The surgeon takes out the wedge, and the two sides of the tibia are brought closer together and held in position with a metal plate or pins. This changes the angle of the tibia and helps straighten the alignment of the knee. After fixing the two edges of bone with a plate or pins, the surgeon stitches the skin together, and the leg is placed in a padded splint to protect the knee joint.
Opening Wedge Osteotomy
In the opening wedge osteotomy, an incision is made in the medial side of the knee. Again, care is taken to protect the nerves and blood vessels that travel across the knee joint.
Once the tibia bone is exposed, one cut is made through the upper tibia. A fluoroscope or X-rays are used to make sure the cut is in the right place.
After the bone is cut, the two sides of the tibia are separated to form a wedge-shaped opening. This opening is then filled with bone graft. The bone graft is usually taken from pelvis bone, through an incision in the side of your hip. The bone graft is held in position with a metal plate or pins. After fixing the two edges of bone with a plate or pins, the surgeon stitches the skin together, and the leg is placed in a padded splint to protect the knee joint.
What might go wrong?
As with all major surgical procedures, complications can occur. This document doesn't provide a complete list of the possible complications, but it does highlight some of the most common problems. Some of the most common complications following tibial osteotomy are
- anesthesia complications
- scar tissue formation
- nonunion of the bones
Most surgical procedures require that some type of anesthesia be done before surgery. A very small number of patients have problems with anesthesia. These problems can be reactions to the drugs used, problems related to other medical complications, and problems due to the anesthesia. Be sure to discuss the risks and your concerns with your anesthesiologist.
Thrombophlebitis (Blood Clots)
Thrombophlebitis, sometimes called deep venous thrombosis (DVT), can occur after any operation, but is more likely to occur following surgery on the hip, pelvis, or knee. DVT occurs when blood clots form in the large veins of the leg. This may cause the leg to swell and become warm to the touch and painful. If the blood clots in the veins break apart, they can travel to the lung, where they lodge in the capillaries and cut off the blood supply to a portion of the lung. This is called a pulmonary embolism. (Pulmonary means lung, and embolism refers to a fragment of something traveling through the vascular system.) Most surgeons take preventing DVT very seriously. There are many ways to reduce the risk of DVT, but probably the most effective is getting you moving as soon as possible after surgery. Two other commonly used preventative measures include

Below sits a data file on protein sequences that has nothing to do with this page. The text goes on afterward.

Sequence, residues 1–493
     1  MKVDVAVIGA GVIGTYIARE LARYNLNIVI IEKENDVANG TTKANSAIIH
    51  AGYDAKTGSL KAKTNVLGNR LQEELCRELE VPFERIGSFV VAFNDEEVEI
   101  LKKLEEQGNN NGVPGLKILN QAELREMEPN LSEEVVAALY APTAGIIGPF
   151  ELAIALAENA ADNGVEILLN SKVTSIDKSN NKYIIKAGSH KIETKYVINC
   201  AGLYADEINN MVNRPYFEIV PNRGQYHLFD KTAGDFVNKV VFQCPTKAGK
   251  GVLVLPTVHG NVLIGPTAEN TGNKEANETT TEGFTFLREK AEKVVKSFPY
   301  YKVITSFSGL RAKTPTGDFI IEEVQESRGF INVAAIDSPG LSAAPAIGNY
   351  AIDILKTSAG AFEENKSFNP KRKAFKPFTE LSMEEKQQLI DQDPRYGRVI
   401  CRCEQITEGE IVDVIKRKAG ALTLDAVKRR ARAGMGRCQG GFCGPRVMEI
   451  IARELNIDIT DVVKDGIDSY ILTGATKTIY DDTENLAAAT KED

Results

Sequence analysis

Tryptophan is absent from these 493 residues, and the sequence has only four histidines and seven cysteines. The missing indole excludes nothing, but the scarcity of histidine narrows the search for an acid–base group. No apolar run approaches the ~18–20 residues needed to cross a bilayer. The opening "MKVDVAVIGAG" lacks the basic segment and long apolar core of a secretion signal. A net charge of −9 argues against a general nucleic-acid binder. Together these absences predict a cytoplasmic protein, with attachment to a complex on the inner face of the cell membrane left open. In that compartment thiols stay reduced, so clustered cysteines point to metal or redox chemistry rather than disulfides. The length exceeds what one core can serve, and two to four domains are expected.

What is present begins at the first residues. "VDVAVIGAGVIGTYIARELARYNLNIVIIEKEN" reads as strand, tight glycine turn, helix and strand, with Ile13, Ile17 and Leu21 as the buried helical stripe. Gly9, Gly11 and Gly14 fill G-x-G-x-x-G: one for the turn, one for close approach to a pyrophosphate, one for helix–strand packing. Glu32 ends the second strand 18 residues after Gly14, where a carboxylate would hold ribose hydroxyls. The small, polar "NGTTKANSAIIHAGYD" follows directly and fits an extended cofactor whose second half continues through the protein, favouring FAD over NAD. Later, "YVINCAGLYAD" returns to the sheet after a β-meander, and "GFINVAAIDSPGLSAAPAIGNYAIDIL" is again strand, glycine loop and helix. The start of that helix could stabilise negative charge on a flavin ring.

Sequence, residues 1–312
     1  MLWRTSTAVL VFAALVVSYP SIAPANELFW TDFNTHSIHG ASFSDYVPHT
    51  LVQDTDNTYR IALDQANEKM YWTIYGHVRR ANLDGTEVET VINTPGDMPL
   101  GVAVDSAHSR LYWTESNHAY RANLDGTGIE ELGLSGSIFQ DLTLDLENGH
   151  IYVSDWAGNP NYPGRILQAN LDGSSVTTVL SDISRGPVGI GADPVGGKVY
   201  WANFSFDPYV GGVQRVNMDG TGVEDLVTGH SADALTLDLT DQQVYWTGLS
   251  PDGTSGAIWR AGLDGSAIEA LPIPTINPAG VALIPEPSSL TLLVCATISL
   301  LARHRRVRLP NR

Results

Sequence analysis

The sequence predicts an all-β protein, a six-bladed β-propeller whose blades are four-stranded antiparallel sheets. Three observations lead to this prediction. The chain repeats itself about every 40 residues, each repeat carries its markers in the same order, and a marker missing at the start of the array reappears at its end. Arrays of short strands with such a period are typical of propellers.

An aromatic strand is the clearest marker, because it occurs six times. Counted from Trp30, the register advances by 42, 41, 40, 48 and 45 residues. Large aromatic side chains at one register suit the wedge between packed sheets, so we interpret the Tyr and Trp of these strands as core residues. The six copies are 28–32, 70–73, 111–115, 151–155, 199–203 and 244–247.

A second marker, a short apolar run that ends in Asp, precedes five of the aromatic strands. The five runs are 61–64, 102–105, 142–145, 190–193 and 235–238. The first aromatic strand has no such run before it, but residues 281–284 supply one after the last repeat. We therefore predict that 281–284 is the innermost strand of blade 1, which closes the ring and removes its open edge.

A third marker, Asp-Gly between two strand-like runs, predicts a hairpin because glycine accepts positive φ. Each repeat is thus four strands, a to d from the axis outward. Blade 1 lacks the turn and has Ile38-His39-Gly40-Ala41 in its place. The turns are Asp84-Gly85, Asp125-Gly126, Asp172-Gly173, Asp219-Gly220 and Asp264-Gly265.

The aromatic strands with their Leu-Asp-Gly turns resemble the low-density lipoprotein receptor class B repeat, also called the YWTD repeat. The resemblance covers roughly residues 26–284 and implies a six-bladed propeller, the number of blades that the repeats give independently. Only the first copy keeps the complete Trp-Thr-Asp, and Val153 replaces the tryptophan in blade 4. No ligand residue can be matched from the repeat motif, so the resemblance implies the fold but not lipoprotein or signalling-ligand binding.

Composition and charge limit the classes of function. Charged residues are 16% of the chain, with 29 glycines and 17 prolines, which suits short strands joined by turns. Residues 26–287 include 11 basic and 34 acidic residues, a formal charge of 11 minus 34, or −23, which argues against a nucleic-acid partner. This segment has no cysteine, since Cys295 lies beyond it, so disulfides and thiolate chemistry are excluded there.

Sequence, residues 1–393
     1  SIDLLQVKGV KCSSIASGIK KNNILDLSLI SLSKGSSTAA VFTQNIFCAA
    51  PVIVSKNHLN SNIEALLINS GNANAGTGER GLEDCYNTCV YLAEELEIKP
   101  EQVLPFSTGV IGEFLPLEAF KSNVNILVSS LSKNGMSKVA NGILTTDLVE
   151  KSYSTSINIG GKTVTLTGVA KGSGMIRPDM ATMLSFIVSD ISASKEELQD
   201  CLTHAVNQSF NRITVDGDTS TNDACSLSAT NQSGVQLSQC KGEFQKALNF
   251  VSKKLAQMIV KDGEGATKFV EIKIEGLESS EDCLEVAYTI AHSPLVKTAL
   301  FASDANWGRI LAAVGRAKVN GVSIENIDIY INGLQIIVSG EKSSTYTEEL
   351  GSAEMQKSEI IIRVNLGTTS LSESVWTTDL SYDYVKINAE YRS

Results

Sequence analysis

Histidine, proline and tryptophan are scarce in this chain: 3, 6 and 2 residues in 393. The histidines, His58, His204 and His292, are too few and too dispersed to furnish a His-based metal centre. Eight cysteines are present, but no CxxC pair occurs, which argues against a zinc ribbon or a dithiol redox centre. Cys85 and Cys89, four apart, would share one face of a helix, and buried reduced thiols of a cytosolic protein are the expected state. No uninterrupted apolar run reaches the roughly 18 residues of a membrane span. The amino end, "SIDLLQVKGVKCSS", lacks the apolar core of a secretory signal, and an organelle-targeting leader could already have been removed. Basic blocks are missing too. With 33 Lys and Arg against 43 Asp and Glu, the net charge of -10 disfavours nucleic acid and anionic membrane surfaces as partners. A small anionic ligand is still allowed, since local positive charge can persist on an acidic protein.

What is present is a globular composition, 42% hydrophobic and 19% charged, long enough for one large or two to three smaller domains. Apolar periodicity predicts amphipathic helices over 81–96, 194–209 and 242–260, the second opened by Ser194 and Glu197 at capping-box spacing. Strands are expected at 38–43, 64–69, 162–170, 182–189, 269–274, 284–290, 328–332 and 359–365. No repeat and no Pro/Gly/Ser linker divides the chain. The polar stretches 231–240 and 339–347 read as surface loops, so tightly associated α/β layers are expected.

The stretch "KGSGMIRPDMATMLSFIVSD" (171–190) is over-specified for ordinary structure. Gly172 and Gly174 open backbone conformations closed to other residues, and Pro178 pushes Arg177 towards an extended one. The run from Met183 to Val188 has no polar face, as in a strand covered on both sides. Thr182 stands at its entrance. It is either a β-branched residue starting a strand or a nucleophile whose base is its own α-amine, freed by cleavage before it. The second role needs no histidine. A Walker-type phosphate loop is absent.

- pressure stockings to keep the blood in the legs moving
- medications that thin the blood and prevent blood clots from forming
Following surgery, it is possible that the surgical incision can become infected. This will require antibiotics and possibly another surgical procedure to drain the infection.
Scar Tissue Formation
The most common complication after a tibial osteotomy is the formation of scar tissue in the joint below the kneecap. Bleeding and swelling from the surgery can cause the body to form scar tissue. When scar tissue builds up just below the kneecap, the knee can't straighten completely. When this happens, another operation may be required to remove the scar tissue.
Nonunion of the Bones
Sometimes the two bone edges do not heal as planned. This is called a nonunion. This condition requires another operation to add bone graft and perhaps additional metal plates or pins. The bones need to be completely immobilized to fuse, or heal together firmly, so an external fixator may be needed to help hold the bones in position as they heal. The external fixator is worn over the skin and connects to the metal pins to hold them firmly in place. Because the bone of the upper tibia is wide and has a good blood supply, nonunion is rare.